4 Core Elements you need in a Robust Maintenance Plan

Every year, industries lose billions of RUB because of unplanned downtime. Regular breakdown and downtime pull down productivity and profits. But your industry does not have to follow this route! You can optimize the productivity of your industrial facility by drawing and following a good maintenance plan. But how do you prepare a good maintenance plan? This post outlines the four main components of a robust industrial maintenance plan. 

Set the Goals for your Maintenance Plan

As an industry owner or leader, a clear maintenance plan is as important as an organization budgeting. Indeed, it is at the heart of every organization strategy because downtime can affect production, sales, and productivity. Therefore, it is prudent to have clear goals for the maintenance plan. 

The goals of the plan should be crafted with the organization’s vision. In the mining industry, a maintenance plan can set the goal of a high uptime of about 99%. In this industry, high uptime is considered crucial for optimizing productivity. Other goals of the maintenance plan should be specific to different parts of the plant such as inspection of belt drive tension, bearing, motors, and other parts. When monitoring becomes part of the main goals, all issues that can result in downtime will be easy to identify and address on time.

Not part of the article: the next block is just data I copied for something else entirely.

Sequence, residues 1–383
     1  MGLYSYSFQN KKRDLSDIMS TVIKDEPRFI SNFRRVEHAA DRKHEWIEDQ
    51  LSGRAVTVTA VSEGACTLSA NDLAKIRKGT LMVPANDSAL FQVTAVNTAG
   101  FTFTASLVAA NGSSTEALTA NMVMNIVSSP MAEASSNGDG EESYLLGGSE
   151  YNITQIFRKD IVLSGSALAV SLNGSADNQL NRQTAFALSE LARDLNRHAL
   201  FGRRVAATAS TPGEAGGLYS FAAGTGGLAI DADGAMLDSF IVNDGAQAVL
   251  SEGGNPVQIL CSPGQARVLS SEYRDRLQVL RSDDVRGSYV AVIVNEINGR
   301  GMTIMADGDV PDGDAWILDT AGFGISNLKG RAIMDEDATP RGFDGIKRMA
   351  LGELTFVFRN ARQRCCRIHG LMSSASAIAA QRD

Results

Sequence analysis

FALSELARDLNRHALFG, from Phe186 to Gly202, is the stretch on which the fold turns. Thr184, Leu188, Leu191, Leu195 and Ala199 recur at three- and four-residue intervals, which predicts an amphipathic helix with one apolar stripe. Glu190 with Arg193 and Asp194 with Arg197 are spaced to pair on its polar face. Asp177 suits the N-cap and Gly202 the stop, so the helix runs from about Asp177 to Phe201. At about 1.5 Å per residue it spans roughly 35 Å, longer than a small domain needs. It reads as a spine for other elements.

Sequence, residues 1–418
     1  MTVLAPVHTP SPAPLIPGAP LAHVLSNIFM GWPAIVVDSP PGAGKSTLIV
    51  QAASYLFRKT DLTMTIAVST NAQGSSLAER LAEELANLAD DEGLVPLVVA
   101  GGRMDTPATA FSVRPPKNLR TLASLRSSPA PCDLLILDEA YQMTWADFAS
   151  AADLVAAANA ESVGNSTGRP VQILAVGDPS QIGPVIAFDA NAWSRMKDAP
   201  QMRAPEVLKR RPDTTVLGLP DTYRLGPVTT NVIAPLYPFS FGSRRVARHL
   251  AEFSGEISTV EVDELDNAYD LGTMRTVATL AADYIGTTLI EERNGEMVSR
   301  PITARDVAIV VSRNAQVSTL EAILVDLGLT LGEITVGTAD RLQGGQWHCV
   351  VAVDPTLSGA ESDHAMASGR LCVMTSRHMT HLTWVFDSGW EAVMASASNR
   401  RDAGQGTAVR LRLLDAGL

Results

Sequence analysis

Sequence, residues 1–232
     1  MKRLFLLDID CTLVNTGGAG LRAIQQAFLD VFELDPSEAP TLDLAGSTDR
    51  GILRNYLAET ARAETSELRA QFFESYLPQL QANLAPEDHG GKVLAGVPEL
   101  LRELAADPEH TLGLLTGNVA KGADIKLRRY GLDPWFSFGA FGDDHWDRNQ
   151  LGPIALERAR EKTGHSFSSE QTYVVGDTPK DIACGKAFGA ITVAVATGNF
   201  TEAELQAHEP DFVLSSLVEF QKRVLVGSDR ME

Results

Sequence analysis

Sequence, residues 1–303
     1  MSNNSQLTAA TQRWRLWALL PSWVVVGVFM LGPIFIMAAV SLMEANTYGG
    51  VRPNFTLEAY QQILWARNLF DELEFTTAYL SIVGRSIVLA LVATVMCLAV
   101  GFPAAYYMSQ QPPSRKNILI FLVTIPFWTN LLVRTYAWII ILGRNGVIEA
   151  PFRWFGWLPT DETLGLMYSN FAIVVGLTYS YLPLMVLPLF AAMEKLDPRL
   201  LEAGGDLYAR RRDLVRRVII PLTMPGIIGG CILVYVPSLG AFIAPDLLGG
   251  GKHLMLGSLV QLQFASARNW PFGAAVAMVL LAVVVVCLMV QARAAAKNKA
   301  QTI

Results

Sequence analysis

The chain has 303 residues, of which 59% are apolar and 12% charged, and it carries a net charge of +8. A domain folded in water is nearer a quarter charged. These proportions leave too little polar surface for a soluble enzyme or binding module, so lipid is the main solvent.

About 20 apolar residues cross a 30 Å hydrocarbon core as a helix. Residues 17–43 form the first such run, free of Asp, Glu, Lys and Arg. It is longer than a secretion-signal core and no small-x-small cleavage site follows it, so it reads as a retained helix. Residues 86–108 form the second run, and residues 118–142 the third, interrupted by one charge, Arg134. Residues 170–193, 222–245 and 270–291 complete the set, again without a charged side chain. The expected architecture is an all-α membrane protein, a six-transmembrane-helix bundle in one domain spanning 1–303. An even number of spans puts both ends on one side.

Prioritizing Areas of Risk 

Your industrial maintenance program will only be effective if you prioritize the areas that are at a higher risk of breaking down. This implies that your industrial operations should work together with the maintenance team to identify failure mode, effects and criticality analysis of different parts. Here are the main components to prioritize: 

  • Machines and parts that are used regularly.
  • Equipment nearing the recommended servicing time.
  • Machines that breakdown regularly. 
  • Parts of your system with low productivity. 

Have the Right Team in Place

When an industrial plant halts because of a problem, you need to have the right people to diagnose, fix, and get the system back to operations. This is only possible if you have the right team in place. This should be a tech team monitoring different parts of the industrial plant all the time. It should also be properly equipped with the latest skills and technology to diagnose and rectify every problem. 

Adherence to the Best Practices in Maintenance 

An effective maintenance plan should be mainly be targeted at preventing the occurrence of damages as opposed to repairs. This means that the maintenance team should articulately understand the entire plant’s operations and areas of higher risk. The best practices in preventative maintenance include: 

  • Testing. 
  • Calibration.
  • Servicing. 
  • Inspection.
  • Alignment. 
  • And installation. 

The Final Take 

To optimize the operations of your facility, it is important to have a well-prepared maintenance plan and team that pro-actively identifies and fixes issues before they strike. Remember that the maintenance plan should be updated regularly to ensure that the team has the latest skills and technology.